Home Archaeology: Star Trek and Beyond

So we're unpacking, and I run across an old book - Net Trek - Your Guide to Trek Life in Cyberspace. This was a 400-page paper book published in 1995 with details on Star Trek Web sites. I knew that I'd had my site and pages listed, but I'd forgotten that the reason I had the book is that they'd profiled me and sent me free copies. Here's what I had to say to the world circa 1995:

Joshua Sean Bell

Age 21; Calgary, Alberta

Maintains mini-FAQs on Trek tech and a Website (http://www.ucalgary.ca/~jsbell/star_trek.html)

Time [online]: 70 hrs/week

Other Interests: NarniaMUSH, ASCII art newsgroups, and emailing "my girlfriend who’s in Texas"

Favorite Episode: "Yesterday’s Enterprise" [TNG] and "Best of Both Worlds, Part I" [TNG]

Mission Statement: "I’d avoided Star Trek on the Net for ages but eventually got sucked into rec.arts.startrek.tech when I got a copy of the TNG Technical Manual. Started writing and eventually cam up with my Mini-FAQs. I avoid the other groups and all mailing lists because of their sheer volume. And I check out all the Websites. There’s a subset of us [on rec.arts.startrek.tech] who have overlapping interpretations of the show, and feed on each other’s ideas. Rather nice. Since it is (very!) borderline science, it’s actually got an edge to it and can be discussed somewhat rationally.”

"The Web will be the next major outgrowth, if I can use ‘next’ to describe what has already started, of electronic fandom. Interactive sites like Paramount’s will become more common; I’m working on my own, and will encourage others to do so as well. I’m very, very pleased that Paramount has done things like the Voyager and Generations sites; I like ‘official’ information, and we’re getting it from our medium for a change. I don’t think we’ll have much influence on Star Trek directly, but it’s nice to know that Paramount cares."

Probably the most profound thing is about reading this is: how the #($*&#@ did we do anything online before search engines?

Anyway, to translate all of that into modern terms (circa 2005 - yikes, only a decade on...):

  • The FAQs are still online: http://www.calormen.com/Star_Trek/FAQs/, but I no longer post them to the newsgroup or actively maintain them.
  • "girlfriend" --> "wife"
  • Businesses were NOT on the Web in 1995. Paramount was way ahead of its time - I think the fact that the 'net was full of Star Trek geeks probably pulled them in, and helped get corporate America engaged.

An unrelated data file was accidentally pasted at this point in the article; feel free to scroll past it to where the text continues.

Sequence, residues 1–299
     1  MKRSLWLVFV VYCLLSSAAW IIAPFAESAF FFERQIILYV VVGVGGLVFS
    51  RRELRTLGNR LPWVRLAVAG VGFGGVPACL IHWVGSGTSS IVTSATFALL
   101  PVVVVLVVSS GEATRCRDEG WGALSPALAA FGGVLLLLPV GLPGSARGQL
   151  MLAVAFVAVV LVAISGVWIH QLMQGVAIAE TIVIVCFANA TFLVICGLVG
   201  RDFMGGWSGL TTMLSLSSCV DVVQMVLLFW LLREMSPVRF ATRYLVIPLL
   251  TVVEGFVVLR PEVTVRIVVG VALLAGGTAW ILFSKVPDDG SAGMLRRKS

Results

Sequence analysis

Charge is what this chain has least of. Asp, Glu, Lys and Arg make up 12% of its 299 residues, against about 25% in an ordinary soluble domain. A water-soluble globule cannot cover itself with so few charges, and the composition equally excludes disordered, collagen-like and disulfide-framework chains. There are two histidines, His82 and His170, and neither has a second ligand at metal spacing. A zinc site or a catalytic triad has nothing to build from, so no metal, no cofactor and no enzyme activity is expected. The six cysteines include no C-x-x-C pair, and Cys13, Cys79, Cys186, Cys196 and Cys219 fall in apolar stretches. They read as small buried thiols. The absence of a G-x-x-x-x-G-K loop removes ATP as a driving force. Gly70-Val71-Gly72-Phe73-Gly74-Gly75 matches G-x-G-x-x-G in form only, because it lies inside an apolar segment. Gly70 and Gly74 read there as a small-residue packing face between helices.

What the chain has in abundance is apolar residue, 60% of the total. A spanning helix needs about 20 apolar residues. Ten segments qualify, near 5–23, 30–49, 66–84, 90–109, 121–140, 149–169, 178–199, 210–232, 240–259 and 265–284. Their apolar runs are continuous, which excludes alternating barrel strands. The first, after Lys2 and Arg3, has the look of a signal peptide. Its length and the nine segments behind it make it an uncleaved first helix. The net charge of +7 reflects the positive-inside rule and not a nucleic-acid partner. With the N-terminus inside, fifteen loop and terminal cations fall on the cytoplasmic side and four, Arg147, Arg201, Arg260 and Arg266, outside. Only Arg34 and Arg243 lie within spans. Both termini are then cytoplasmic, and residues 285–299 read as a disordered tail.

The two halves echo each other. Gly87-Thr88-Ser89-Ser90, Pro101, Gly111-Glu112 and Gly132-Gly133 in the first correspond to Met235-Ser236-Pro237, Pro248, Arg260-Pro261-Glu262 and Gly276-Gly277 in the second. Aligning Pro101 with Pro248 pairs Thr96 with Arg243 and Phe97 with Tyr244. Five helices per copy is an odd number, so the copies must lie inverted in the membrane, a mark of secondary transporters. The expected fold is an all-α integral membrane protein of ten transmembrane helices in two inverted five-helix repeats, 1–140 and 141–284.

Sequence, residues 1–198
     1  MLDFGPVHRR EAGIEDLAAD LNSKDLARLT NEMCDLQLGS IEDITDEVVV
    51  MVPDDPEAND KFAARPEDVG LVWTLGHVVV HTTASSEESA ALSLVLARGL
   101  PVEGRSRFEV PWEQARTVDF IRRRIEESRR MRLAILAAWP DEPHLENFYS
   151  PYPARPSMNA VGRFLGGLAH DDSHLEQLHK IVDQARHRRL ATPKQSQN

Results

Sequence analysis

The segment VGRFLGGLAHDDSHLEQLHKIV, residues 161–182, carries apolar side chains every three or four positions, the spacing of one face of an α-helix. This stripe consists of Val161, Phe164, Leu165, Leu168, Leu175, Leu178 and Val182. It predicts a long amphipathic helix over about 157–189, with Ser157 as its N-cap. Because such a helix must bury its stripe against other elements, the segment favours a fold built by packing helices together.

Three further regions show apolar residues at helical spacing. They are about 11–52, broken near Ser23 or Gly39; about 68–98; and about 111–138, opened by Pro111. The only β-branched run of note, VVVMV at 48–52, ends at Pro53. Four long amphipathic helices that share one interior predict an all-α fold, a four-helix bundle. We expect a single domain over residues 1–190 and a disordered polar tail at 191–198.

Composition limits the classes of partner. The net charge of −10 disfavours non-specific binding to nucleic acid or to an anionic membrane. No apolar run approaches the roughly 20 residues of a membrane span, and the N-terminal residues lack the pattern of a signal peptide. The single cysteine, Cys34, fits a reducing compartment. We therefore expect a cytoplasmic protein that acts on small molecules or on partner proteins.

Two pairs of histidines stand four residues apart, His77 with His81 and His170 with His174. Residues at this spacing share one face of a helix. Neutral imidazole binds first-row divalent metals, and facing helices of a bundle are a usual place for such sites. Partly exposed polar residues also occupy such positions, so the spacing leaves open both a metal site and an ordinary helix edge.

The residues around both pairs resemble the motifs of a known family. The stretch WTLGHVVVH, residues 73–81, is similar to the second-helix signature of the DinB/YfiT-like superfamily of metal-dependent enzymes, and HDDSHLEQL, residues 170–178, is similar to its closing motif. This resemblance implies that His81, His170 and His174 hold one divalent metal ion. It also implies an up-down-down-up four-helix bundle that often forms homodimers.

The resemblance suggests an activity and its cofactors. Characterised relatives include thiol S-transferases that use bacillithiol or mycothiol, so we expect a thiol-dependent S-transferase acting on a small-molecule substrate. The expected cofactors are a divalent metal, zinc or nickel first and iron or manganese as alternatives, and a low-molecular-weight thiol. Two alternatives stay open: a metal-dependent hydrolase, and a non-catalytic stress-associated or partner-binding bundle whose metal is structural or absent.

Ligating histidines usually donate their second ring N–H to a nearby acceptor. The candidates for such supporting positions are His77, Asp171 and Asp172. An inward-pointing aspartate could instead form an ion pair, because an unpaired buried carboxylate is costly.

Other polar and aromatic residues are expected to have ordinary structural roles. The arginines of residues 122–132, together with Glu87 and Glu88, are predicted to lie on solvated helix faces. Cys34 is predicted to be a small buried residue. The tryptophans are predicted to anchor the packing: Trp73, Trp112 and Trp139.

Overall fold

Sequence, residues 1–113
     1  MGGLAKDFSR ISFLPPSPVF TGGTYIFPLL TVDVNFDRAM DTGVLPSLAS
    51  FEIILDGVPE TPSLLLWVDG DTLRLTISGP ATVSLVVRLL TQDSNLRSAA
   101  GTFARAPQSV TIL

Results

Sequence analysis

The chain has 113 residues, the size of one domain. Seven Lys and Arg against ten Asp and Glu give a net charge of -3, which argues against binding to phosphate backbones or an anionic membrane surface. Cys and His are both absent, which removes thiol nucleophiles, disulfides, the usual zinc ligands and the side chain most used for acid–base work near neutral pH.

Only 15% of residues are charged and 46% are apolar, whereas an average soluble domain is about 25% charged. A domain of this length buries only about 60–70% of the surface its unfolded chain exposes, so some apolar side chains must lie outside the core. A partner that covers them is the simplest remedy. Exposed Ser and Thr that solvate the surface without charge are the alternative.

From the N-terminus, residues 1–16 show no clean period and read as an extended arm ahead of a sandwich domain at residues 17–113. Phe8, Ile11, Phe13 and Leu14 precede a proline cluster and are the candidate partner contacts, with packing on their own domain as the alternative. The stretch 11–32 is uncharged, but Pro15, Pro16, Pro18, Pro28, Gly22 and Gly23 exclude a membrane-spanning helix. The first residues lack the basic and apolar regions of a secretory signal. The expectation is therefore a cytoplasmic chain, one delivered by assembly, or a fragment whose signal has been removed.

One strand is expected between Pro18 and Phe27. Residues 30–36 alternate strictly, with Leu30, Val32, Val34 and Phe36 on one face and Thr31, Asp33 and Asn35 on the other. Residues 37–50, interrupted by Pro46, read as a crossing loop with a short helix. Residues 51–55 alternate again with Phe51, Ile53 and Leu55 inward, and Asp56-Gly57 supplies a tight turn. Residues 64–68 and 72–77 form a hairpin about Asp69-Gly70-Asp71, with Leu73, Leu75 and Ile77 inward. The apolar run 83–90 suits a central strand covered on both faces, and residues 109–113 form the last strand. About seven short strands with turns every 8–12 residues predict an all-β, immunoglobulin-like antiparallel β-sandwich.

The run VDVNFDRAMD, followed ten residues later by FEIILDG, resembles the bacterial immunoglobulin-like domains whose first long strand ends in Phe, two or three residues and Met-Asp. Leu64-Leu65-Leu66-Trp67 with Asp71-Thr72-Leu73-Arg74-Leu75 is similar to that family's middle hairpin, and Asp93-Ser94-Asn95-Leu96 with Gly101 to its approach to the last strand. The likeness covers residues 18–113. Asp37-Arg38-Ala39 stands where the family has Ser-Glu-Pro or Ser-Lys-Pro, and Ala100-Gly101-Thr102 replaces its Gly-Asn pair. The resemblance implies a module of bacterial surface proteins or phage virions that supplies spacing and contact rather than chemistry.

Perhaps most importantly, I'm where I am today due to the interactive site I mentioned.

In the summer of 1995 I was finishing up my undergrad CS degree at the University of Calgary and working part time for the campus computing services department. The Web was just catching on, and I’d started putting together a multimedia Deep Space Nine site – it used the latest and greatest features of this “Netscape” browser – colored backgrounds on pages, links to sound files, and so on. Radical stuff at the time! You could use a DS9-style UI to navigate the station, control Ops, and even board the U.S.S. Defiant. I was also doing work for Sun Microsystems on campus and had been exposed to Java early on, but hadn’t really done anything with it.

Meanwhile, Susan was attending Rice University in Houston, TX. She was slated to finish her degree 6-9 months after I did, so our plan was that I’d try to find work in Houston. But doing what? Multimedia web stuff looked like fun. I’d heard of this company doing things like this with Java, a startup in San Francisco called Dimension X. They had some fun applets on their site. I e-mailed them and said, “I’m looking for a job with a company doing stuff like you’re doing, but in Houston. Any leads? Just so you know I’m not a flake, here’s my resume and Web site.”

They responded with a job offer. Susan thought San Francisco sounded like fun. And so I started my professional career as a Web dev in January 1996 at Dimension X.


  1. I know what you mean about search engines... My husband and I moved to Tampa Bay last month. Long story short, we had no Internet and had to relearn how to use the phone book for local stuff. We had a family member on the phone several times so that *they* could use search engines for us.


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